It’s an age old ritual – go on a trip, buy a souvenir! We buy them as gifts for others… as in “Look where I was lucky enough to go, and yet smart enough not to take you!” :-). We buy them for ourselves to remind us of special places and special times in our lives… “Remember how happy we were when we were there?”.
It’s only natural to want to return from your travels with a little something extra. Ever since Marco Polo came home with all those awesome spices, scouting for meaningful and exotic souvenirs has been an important aspect of many travelers’ agendas. But not all souvenir shoppers are created equal… below are some of our favourites:
These travelers are coming home loaded down with exotic items like Applewood Smoked Sea Salt from Paris, Wild Hibiscus Flowers in Syrup from Sydney, and Extra Virgin Blood Orange Olive Oil from San Francisco. Try to get in on the guest list for their dinner parties. You may even get to enjoy a steaming cup of Kopi Luwak coffee after your gourmet meal (you know, the most expensive coffee in the world where the bean is hand-picked from the poop of civet cats). Refill anyone?
These shoppers want their souvenir artisanal treasures fully steeped in legitimate sauce. If they can’t watch it being made by hand, learn the whole process, and have a chin-wag with the artisan themselves, it’s just not going to be good enough. Watch out for the scratchy Himalayan yak wool sweater (twice-dipped in yeti tears!) coming your way this Christmas.
This souvenir shopper has a T-shirt, hoodie or ball cap for every city they’ve been to, every monument or point of interest they’ve visited, and every activity they have ever participated in. There can be a real authenticity question here though as I bought my favorite Paris t-shirt in Argentina, where I saw more New York paraphernalia than I saw in New York City. And some of those people sporting marathon race completion t-shirts. Really? I don’t think so.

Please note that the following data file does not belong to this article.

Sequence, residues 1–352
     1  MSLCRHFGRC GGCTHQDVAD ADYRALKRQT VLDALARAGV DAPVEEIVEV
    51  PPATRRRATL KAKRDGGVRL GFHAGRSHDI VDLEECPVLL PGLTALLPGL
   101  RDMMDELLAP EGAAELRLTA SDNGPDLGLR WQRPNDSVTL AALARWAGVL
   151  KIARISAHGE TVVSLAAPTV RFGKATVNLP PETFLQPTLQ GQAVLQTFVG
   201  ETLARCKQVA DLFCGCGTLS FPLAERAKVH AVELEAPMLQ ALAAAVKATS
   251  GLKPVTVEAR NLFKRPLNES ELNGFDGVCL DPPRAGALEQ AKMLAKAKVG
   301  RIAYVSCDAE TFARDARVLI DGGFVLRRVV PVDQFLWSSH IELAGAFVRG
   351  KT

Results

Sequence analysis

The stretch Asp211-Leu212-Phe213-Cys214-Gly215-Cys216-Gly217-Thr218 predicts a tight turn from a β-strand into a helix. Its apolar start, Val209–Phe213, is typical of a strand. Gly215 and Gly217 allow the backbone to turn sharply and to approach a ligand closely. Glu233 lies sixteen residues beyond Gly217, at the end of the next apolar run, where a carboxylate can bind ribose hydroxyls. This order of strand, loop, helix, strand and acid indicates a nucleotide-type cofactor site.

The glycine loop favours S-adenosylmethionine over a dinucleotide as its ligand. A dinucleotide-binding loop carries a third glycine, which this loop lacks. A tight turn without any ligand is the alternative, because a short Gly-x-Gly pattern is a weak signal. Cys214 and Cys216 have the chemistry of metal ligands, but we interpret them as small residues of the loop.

Being inspired to bring back all the Asian souvenirs possible, this yogi/shopper then has to feng shiu their whole living space to uber Zen standards. Chances are they also brought back a character tattoo that doesn’t exactly say what they think it does. Just like Britney did.
If you ask a crowd of people at an airport, train station or bus depot which of them have been on the road for longer than a month, those raising their hands will be 98.7% likely to have in excess of a dozen tattered souvenir “friendship” bracelets taking up substantial real estate between wrist and elbow. This is the souvenir of choice for the 18-25 year old set. According to tradition, you tie the bracelet onto the wrist of a friend who makes a wish at that moment AND the bracelet must be worn until it falls off for the wish to come true. Apparently the quality of these bracelets needs to be downgraded substantially very soon.
For these travelers – shopping is the whole purpose of travel. With “destination malls” competing for highest square footage and largest number of retailers – you can be sure to find the exact same stores you frequent at home halfway around the world. Hordes of lovely traveling stiletto-d ladies and skinny jean hipster dudes can be seen flocking back to their hotels – weighed down by countless shopping bags sporting all the major labels. The only thing this trend tells me is that I now am required to seriously overpay for yoga pants in every major city in the world.
The quality and quantity of what this souvenir shopper buys is directly dependent on 2 key components. #1. How much time they have at the airport immediately prior to their return flight , and #2. How much foreign currency they have left. Thanks so much for the “I ♥ Greece” neck pillow bro.
This souvenir hound doesn’t spend a cent…. However, shelves in their home are filled with rocks, sand, bark, seashells and other collectibles that depict the routes of their travels. Are they truly lovers of all things in nature, or are they’re just really cheap?
The souvenirs these guys typically bring home are mostly of the scar tissue variety. Sometimes they leave personal souvenirs behind, like bloodstains.
Like the Naturalist and Danger/Adventure Dude, this traveler doesn’t pay directly for their souvenir… and in fact, sometimes they don’t even know they picked one up on their trip until quite some time later. Souvenirs falling into this category include intestinal parasites, gestating babies, bedbugs hitching a ride in your luggage and/or sexually transmitted diseases.